“Will my car accident case go to trial?”
Many injury victims who have filed a car accident injury claim wonder, “Will my car accident case go to trial?” The simplest answer is that most car accident cases do not go to trial. The vast majority of auto accident injury cases settle out of court. Studies show that only about 5 percent of auto accident cases go to trial.
However, your car accident attorney may decide to file a lawsuit and pursue justice through the court system if:
- the insurance company does not offer a fair settlement
- the insurance company and/or defense counsel disputes liability
Insurance companies will often go to great lengths to avoid paying fair compensation for an injury claim. They frequently offer a lowball amount and try to settle a car accident injury claim as fast as possible.
In a recent post, we looked at some of the common “tricks” insurance companies may use to try to pay as little as possible on your claim.
How does a trial for a car accident injury claim work?
Some auto accident injury lawsuits may be resolved by a single judge, but in the state of North Carolina, most car accident lawsuits that cannot be settled out of court are ultimately resolved in a jury trial.
In most cases, the plaintiff (injured party) is represented by an injury attorney, and the defendant is represented by a defense attorney. The defense attorney is often hired by the defendant’s insurance company, as it is typically the insurance company that will be responsible for paying any damages awarded at trial.
In a jury trial, a jury of 12 jurors selected by plaintiff’s and defense counsel will consider the evidence presented and determine whether or not the injured party is entitled to compensation. In many cases, the jury’s deliberation involves determining who was responsible for the accident.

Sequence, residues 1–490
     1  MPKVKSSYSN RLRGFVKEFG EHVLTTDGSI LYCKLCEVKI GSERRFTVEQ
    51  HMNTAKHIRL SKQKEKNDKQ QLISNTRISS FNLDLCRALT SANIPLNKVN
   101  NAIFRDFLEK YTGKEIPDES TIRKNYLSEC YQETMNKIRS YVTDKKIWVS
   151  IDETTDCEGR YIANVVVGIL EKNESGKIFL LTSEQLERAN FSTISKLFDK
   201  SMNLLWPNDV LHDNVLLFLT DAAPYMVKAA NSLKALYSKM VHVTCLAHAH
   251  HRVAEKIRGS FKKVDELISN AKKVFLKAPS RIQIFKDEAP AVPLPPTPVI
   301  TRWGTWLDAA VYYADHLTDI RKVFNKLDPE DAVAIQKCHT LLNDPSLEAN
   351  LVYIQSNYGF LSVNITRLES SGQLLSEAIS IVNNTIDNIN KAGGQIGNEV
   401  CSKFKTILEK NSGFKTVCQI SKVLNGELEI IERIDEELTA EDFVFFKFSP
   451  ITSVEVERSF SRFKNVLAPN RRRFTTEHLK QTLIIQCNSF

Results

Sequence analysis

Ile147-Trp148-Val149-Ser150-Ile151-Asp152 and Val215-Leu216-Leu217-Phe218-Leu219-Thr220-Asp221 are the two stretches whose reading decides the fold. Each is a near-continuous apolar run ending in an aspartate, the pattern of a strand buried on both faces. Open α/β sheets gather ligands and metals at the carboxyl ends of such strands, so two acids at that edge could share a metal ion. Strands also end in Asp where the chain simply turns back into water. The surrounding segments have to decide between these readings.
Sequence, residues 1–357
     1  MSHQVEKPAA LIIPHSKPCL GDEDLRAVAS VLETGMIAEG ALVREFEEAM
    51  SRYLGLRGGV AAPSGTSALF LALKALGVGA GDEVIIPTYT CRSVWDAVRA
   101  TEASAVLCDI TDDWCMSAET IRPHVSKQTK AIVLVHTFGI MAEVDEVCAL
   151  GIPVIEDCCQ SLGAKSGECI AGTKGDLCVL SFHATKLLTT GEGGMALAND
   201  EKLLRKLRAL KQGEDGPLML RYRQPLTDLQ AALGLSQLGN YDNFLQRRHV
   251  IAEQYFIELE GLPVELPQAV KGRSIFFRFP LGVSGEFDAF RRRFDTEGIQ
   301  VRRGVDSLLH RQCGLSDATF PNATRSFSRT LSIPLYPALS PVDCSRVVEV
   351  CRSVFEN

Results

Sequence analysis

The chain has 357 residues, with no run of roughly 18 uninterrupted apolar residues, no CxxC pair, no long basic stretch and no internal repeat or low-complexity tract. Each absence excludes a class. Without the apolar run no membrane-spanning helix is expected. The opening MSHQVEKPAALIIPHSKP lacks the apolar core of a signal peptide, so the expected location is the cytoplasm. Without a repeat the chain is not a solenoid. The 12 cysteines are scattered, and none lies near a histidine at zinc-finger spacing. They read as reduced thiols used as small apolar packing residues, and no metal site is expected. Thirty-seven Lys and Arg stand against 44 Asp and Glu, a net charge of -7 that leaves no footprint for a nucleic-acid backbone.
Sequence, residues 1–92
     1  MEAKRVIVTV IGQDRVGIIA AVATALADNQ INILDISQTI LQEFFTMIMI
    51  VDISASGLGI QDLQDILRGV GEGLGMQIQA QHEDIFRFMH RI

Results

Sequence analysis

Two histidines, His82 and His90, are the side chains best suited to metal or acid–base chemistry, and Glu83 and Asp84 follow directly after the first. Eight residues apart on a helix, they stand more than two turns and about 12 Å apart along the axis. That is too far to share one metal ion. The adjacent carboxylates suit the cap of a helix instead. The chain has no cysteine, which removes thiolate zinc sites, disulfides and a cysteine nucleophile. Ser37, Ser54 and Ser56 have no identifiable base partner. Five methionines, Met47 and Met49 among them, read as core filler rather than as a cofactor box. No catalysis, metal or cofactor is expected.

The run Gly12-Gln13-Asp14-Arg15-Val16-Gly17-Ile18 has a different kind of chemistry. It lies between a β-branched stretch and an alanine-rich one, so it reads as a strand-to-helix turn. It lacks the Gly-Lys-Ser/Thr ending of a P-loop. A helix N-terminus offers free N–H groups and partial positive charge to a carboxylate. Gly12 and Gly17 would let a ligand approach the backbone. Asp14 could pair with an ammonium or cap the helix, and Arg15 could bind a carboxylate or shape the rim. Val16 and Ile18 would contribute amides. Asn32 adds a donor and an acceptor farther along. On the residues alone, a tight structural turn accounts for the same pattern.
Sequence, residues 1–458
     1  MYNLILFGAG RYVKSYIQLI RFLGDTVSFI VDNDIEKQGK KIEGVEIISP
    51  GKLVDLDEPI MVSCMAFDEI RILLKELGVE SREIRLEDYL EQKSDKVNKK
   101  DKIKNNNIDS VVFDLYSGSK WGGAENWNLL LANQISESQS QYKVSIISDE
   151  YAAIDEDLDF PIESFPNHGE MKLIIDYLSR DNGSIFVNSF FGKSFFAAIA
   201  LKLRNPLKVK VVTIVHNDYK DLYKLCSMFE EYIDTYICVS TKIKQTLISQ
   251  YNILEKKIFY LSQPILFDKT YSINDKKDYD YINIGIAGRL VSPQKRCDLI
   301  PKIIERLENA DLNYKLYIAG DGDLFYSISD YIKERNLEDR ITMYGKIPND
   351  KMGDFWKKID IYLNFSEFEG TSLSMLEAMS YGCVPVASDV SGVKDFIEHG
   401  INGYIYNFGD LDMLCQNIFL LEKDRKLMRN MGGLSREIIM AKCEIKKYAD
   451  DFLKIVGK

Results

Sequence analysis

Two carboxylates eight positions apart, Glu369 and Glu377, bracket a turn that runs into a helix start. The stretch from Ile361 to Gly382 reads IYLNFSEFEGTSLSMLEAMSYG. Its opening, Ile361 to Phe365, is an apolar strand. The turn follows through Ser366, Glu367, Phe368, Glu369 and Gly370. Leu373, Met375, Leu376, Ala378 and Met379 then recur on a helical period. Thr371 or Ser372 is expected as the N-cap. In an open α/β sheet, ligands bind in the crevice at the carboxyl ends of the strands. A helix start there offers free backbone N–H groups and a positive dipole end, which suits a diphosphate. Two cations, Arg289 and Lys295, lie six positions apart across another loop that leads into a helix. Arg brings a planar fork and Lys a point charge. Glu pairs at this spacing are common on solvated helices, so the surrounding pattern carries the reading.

In North Carolina, it can be particularly difficult to prove liability due to the law of contributory negligence. Under this law, if you are determined to be even partially responsible for the accident, you are not entitled to compensation.
Most auto accident jury trials in North Carolina last 1-3 days. The length of the trial generally depends on the amount of evidence and number of witnesses called to testify.
At the end of the trial, the jury will deliberate and seek to come to a unanimous verdict. If the jury fails to reach a unanimous decision, this results in a mistrial.
If the jury issues a unanimous verdict, however, that is typically the end of the legal process. You are not automatically entitled to an appeal, unless the judge is found to have made an error in his or her rulings during the trial.
Have you been injured in an auto accident in North Carolina?
If you’ve suffered an injury in a North Carolina auto accident, you may be entitled to compensation if the accident is the result of someone else’s negligence.
Depending on the circumstances of the case, your claim may settle out of court, or it may be necessary to file a lawsuit and go to trial. An experienced North Carolina car accident lawyer can help you determine your best legal options.
There is no obligation and you won’t pay any attorney fees unless we win you case and you receive financial compensation.
Our attorneys have more than 220+ years of combined legal experience and we’ve secured millions of dollars in compensation for injured North Carolinians (see disclaimer below).
You don’t have to go through this alone, and we would love to help you seek justice and compensation for your injuries if we can.
“Whether we settle out of court or represent you in a jury trial, we are ready to help you get justice however we can.”
-Gene Riddle, managing partner and attorney, Riddle & Brantley
In most cases, your car accident injury claim will not go to trial, but if a lawsuit is necessary, our attorneys have extensive experience winning significant verdicts in court on behalf of injured victims.
Let’s review your injury claim. You may be entitled to compensation and you deserve justice.
Justice Counts for those injured due to others’ negligence.
*** Disclaimer: The results mentioned are intended to illustrate the type of cases handled by the firm. These results do not guarantee a similar outcome, and they should not be construed to constitute a promise or guarantee of a particular result in any particular case. Every case is different, and the outcome of any case depends upon a variety of factors unique to that case.